Are there any reasonable ways to take carbon out of the atmosphere?

There’s one thing out there that could help a lot and it’s called carbon negative, or negative emissions. To be clear, we’re not talking about geoengineering where you put shiny dust into the stratosphere that deflects sunlight away, or crazy satellites with mirrors, or sulfur dioxide in the atmosphere to absorb ultraviolet rays. None of that science fiction BS. Carbon negative is basically taking carbon out of the atmosphere and putting it somewhere safe and permanent. You can do in a number of different ways, like accelerated weathering of rock, or giant carbon-sucking vacuum cleaners (which haven’t been proven at scale), or you can use photosynthesis: Trees, crops, and perennial grasses, our best option by far.
How would it work?
Let’s pretend the world got its act together and committed to drastic action to stop global warming. You need three things, done simultaneously and aggressively. One, radical reductions in fossil-fuel emissions. Two, dramatic acceleration in the deployment of renewables. And three, large-scale implementation of negative emissions strategies.
With negative emissions, we could tip the scale toward real reductions in net carbon emissions, relatively quickly at legitimate scale, by pulling multiple gigatons of carbon out of the atmosphere and putting them in the ground or in plants and trees. Think of it as a massive global effort to get carbon out of the atmosphere—through, basically, more vegetation and improved farming systems. It’s as simple as that. We could restore hundreds of millions of degraded hectares of agricultural land, or just degraded land in general, all around the world. There’s no fancy technology, no science fiction.
“If we’re honest with ourselves, it’s obvious that windmills and solar panels will not get us there fast enough. Not even close.”
Of course, there are big questions, like where it should be done, what plants should be used, and which forests and plants are the most efficient carbon absorbers; and we would need to make sure we don’t compete with water, energy, and food supplies. But despite those questions, which are serious, we know that there’s plenty of land that could be used in this way, and there’s a path forward here that’s not super difficult. It’s not really on anybody’s radar screen, because it’s not very sexy or glamorous. It’s just planting and restoring lands in a way that efficiently takes up carbon—but, it is sitting there in plain sight as a powerful option, and it should be a much bigger part of the conversation: When you add negative emissions to the equation you can legitimately have some kind of realistic hope that we might not just go flying off a cliff. Because if we’re honest with ourselves, it’s obvious that windmills and solar panels will not get us there fast enough. Not even close.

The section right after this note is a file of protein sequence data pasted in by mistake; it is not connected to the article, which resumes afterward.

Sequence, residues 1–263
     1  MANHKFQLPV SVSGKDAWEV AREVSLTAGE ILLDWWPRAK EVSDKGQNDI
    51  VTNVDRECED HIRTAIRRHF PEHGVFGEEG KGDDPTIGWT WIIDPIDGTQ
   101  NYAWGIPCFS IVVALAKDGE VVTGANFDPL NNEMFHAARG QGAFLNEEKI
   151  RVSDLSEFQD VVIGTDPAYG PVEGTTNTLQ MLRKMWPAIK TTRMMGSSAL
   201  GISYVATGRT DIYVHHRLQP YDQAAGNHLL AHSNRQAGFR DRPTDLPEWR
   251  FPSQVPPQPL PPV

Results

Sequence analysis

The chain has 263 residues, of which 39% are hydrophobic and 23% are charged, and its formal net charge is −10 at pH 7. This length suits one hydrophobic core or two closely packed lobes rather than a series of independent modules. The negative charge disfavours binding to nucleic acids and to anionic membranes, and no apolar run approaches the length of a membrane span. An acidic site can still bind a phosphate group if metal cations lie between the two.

How is this different than carbon sequestration, which we’ve heard about in the past?
Carbon capture and sequestration (CCS) typically refers to capturing carbon from fossil fuel emissions and physically pumping the carbon back underground, in gas form. CCS may have a role in some carbon negative systems, but when applied to fossil fuel emissions CCS is not carbon negative. Not to mention that it costs way too much, and to date doesn’t actually work at scale. What negative emissions strategies do is literally take carbon out of the atmosphere using plants and trees—efficient natural systems that do this much more elegantly than humans can. It’s not about technology, or putting fancy gizmos on power plants.
How would this differ from the old-fashioned carbon offsets we’ve historically been able to purchase online?
The policy setup is totally different. Offsets have historically been a largely unverified license to pollute, as long as someone, somewhere, theoretically offsets that pollution by not doing something bad, say cutting down a forest, that they may not have been going to do anyway. And too often, the pollution we are allowing with offsets falls on poor communities who didn’t have any say in the bargain. Carbon negative would not be anybody’s permission to pollute. It has to be fundamentally disconnected from ongoing, aggressive action to reduce fossil fuel emissions.